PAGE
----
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Trudeau’s all-out war on free speech


‘CANADA, just like the USA, only nice’. What was once accurate is true no longer. Nice Canada is becoming increasingly intolerant, and it starts with the government. Justin Trudeau’s administration is trying to take cancel culture and turn it into federal law, empowering any social justice warrior with a grievance to take conservatives to court.

Last month the Liberal Trudeau government rammed Bill C-10 through the House of Commons. To achieve this it limited debate, overruled its own committee chair and used every procedural motion it could to get the Bill passed. The government is determined to push it through the Senate, the upper house in Canada’s parliament, after the summer recess and enact it as federal law.

Bill C-10 will effectively censor the internet, handing government bureaucrats and the politicians who direct them the power to regulate what everyday Canadians see online. The algorithms used by companies such as Facebook, Google, Amazon, Netflix and Disney could be replaced by government-approved versions. This would allow the government to push content it liked and hide content it found uncomfortable or threatening.

The Bill affects more than giant tech, it touches on private individuals. The Liberals removed an amendment which would have protected user-generated content. This means the government is grabbing the power to regulate what individuals post on their private Facebook pages or Twitter accounts.

Should any political party have the power to control what its citizens consume on the internet? That this aligns Canada with totalitarian states such as communist China indicates the direction in which ‘nice’ Canada is moving.

At the virtual Banff World Media Festival, Heritage Minister Steven Guilbeault confidently told his audience that although the opposition might derail C-10 in the Senate before a potential autumn general election, the Liberals intend to get the legislation passed ‘one way or another’. He also warned, ‘This is just the beginning of our agenda.’ 

Just before the House of Commons rose for the summer break, the Liberals introduced Bill C-36, which takes governmental control to an even higher level. If passed it would allow someone to seek legal protection merely because they were afraid that another person might say or do something nasty to or about them.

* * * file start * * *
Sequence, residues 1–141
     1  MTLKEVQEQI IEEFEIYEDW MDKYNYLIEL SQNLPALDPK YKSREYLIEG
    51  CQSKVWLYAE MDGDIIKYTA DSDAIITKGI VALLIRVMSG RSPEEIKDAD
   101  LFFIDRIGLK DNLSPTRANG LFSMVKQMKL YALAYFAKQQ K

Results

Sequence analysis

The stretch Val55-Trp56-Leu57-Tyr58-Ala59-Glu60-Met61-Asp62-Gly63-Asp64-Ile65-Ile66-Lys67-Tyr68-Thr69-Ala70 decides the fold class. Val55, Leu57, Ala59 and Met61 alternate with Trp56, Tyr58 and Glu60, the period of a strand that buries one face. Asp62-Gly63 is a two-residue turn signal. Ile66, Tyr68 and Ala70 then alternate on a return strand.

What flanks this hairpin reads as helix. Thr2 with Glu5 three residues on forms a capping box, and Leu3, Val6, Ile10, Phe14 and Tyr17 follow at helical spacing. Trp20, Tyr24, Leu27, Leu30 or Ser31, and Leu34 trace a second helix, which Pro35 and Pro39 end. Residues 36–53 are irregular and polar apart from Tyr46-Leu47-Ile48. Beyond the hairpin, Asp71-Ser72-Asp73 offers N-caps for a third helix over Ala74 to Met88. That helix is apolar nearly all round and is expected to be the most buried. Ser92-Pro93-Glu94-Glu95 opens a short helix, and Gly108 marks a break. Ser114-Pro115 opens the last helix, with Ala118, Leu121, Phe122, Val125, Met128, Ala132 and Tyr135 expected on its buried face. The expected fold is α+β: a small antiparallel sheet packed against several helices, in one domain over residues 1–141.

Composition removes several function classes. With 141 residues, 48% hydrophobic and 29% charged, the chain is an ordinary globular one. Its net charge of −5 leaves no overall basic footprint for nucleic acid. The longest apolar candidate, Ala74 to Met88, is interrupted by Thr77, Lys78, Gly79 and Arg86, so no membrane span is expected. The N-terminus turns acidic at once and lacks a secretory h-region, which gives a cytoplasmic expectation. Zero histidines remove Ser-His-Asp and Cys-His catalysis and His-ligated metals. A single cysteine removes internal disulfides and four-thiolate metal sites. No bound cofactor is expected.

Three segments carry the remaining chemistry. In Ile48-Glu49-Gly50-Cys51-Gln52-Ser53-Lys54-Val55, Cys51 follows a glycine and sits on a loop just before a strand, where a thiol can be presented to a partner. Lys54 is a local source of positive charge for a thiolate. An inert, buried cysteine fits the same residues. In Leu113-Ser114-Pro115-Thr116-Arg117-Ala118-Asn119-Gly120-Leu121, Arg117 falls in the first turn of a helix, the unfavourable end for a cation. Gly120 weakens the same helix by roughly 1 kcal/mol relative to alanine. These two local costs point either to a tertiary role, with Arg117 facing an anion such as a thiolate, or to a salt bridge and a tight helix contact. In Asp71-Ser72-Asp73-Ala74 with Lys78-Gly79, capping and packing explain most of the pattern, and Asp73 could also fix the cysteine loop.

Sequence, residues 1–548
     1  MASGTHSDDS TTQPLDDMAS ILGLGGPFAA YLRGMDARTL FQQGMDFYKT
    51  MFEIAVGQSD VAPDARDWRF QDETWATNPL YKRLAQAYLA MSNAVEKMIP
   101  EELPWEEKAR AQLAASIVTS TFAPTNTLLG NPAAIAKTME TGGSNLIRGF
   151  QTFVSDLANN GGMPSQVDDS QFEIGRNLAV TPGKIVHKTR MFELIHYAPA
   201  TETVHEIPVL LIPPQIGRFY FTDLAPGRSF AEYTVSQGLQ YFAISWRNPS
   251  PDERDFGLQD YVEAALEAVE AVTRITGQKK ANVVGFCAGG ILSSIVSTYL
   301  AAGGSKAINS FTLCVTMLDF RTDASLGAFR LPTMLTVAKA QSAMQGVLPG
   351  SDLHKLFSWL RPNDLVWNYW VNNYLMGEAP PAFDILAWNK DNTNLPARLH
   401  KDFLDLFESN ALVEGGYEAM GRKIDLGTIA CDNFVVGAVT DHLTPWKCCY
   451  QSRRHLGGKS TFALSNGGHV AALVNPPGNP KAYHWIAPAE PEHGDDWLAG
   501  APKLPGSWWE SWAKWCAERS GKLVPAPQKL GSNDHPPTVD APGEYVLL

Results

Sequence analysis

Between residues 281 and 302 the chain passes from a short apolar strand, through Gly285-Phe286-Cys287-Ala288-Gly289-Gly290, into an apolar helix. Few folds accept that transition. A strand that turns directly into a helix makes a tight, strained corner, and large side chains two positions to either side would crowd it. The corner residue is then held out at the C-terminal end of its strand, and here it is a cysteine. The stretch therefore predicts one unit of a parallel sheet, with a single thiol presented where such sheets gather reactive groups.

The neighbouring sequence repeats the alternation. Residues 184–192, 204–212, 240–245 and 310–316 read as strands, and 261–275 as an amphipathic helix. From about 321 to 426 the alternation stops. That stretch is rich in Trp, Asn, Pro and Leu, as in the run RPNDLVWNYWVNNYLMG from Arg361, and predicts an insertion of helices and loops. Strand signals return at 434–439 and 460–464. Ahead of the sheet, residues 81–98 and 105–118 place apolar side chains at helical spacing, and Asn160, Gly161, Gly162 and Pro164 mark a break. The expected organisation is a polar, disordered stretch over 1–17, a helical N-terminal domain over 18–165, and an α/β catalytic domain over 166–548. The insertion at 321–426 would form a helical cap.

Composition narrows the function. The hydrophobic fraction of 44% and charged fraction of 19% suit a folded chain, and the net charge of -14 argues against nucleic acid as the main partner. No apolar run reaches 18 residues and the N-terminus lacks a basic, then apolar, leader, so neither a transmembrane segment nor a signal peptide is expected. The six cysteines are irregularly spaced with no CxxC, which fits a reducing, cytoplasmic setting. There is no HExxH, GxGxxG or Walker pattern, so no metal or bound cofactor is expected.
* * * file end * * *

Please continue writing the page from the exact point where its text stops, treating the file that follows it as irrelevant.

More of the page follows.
Bill C-36 would allow a person to appear before a provincial court, with the Attorney General’s consent, if the person fears that another will commit an offence ‘motivated by bias, prejudice or hate based on race, national or ethnic origin, language, colour, religion, sex, age, mental or physical disability, sexual orientation, gender identity or expression, or any other similar factor’.

The Bill defines hate as ‘the emotion that involves detestation or vilification and that is stronger than dislike or disdain’. What is the difference between speech which expresses hatred and speech which expresses disdain, and which government bureaucrat decides?

If A says something disdainful about B, which would be allowed, but it incites C to detest B, would A then be guilty of a ‘hate crime’? Vagueness is dangerous in any legislation, but especially so when it is giving powers to governments to control what people say.

C-36 would pave the way for complaints to be submitted to the Canadian Human Rights Commission and potentially handed over to the Canadian Human Rights Tribunal for adjudication.

The CHRT has a nearly 100 per cent conviction rate. In three decades of federal human rights commission cases, only one defendant in a Section 13 (Hate Crime) complaint that went beyond the discovery phase has been acquitted.

Canadians should rightly fear this proposed legislation. It means that someone ‘fearing’ that another person will commit a ‘hate propaganda offence’ or ‘hate crime’ can initiate a legal process resulting in someone facing severe financial damages of up to $C20,000 (£12,000) for a first offence and $C50,000 for a second. The giant social media companies and the complainants meanwhile face no risk of penalty, financial or otherwise.

Bill C-36 opens wide the door to the harassment of those with unpopular views. If passed it would mean that any snowflake could bring a social conservative before the courts merely because the snowflake was afraid that the conservative might say something hateful. That this legislation is incredibly dangerous and open to political manipulation is obvious. Perhaps that is why the Trudeau government is pushing it.

The vaguer the definition of hate in Bill C-36, the more the government can abuse its power and apply it in a politically biased way to silence opponents, while giving itself and its ideological allies a free pass.

Minister of Justice and Attorney General David Lametti said the government is ‘very much committed’ to Bill C-36 and it will be reintroduced if the Liberals remain in power.

With these two bills, Bill C-10 and Bill C-36, there can be no doubt that Trudeau’s Liberal government is engaged in an all-out attack on the freedom of expression of ordinary Canadians. Canada is not so ‘nice’ any more.

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Dr Campbell Campbell-Jack
Dr Campbell Campbell-Jack
Campbell is a retired Presbyterian minister who lives in Stirlingshire. He blogs at A Grain of Sand.

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